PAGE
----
FYI: The Red-tailed Hawk could also be seen flying in Ohio and other states, as well!

8. Northern Harrier

Northern Harrier flying hunting for prey

Its length ranges from 18 to 22 inches, while its wingspan is between 40 and 47 inches. This hawk loves insects, small birds, snakes, and rodents. To ID the male and female raptors, look at the wings and the underbelly.

The male has white underparts plus gray wings, and the female has a striped underbelly and brown wings. These hawks depend on sound when hunting, thanks to their disc-like heads.

Unlike other birds, the northern harrier nests on the ground.

Where Can You See Missouri Hawks?

Missouri is a wildlife haven with over 90 state parks. Hence, you're not short of exciting birding destinations.

Some of the best birding destinations are:

Squaw Creek National Wildlife Refuge

The northern harrier lives here during winter, and this sanctuary has observation points.

Roaring River State Park

It's in the serene Ozarks region, and you'll spot the broad-winged hawks here during the breeding season.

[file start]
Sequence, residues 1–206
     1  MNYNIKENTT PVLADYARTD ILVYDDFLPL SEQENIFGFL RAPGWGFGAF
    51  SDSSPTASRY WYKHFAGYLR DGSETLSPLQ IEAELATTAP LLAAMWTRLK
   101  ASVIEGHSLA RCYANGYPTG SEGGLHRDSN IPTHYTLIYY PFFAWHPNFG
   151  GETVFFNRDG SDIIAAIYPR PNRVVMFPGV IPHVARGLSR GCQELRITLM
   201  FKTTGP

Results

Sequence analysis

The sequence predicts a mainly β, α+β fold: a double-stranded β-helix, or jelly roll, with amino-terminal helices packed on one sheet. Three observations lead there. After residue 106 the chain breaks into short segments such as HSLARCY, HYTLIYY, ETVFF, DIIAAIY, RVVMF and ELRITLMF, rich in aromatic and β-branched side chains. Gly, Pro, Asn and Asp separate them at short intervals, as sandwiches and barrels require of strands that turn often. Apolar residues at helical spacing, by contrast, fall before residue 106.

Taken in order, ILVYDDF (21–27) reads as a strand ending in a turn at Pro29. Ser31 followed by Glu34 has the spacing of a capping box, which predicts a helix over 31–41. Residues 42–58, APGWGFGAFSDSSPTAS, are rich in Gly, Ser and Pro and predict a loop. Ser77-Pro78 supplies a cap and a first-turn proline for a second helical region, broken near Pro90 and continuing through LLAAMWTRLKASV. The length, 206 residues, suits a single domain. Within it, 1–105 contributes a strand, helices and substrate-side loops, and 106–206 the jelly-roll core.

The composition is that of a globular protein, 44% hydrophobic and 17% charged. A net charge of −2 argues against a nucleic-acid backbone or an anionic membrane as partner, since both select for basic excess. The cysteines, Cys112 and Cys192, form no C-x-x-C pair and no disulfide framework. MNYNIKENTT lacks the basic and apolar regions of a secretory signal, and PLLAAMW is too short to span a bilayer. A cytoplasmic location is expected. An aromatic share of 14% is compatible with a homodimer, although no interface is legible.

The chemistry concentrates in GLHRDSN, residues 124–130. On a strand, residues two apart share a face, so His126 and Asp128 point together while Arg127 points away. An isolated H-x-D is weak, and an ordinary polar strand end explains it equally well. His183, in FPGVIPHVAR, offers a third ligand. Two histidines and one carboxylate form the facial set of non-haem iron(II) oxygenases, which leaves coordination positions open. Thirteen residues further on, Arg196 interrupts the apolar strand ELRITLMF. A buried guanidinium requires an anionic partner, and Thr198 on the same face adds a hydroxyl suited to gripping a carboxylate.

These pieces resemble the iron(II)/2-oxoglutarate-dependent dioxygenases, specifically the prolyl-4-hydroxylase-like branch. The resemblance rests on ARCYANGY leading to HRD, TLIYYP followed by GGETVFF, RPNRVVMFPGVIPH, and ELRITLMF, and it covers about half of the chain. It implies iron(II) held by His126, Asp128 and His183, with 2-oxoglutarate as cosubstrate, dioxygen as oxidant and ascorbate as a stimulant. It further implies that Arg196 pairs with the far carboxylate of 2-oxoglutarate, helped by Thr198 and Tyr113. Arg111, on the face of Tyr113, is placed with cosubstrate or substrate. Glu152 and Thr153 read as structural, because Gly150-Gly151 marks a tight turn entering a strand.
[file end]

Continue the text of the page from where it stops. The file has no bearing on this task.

St. Louis Urban Oasis

Creve Coeur Lake Memorial Park and Tower Grove Park will treat you to a memorable birding tour. The mature hardwood trees there replaced the indigenous vegetation due to urbanization. 

However, these forested areas still attract numerous birds, including hawks. Also, visit Meramec Highlands for sightings of red-shouldered hawks.

Here are some other facts about red-shouldered hawks:

Frequently Asked Questions About Hawks In MO

Can You Kill Hawks In Missouri?

No, the law protects these raptors from harm. You'll need a permit to hunt, trap or shoot them.

What Hawks Can Be Seen In Missouri?

You'll see eight species, and they include the red-shouldered hawk, the red-tailed hawk, and the broad-winged hawk, all of them discussed in the section above.

Some inhabit deep forests, while others prey on small animals from telephone poles near highways. Some songbird-loving hawks also hover near bird feeders to prey.

Final Thoughts

Watching hawks is an exciting experience. Some, the ones that watch and pounce on their prey, give thrilling hunts. You'll see such species in MO, like the red-shouldered hawk with its distinct red color and the broad-winged hawk.

This state has both migratory and resident birds, eight species in total. The sharp-shinned hawk will even come to your backyard to hunt songbirds.

Other species prefer deep forests instead of open lands or near human settlements, so you may require a birding tour to see them.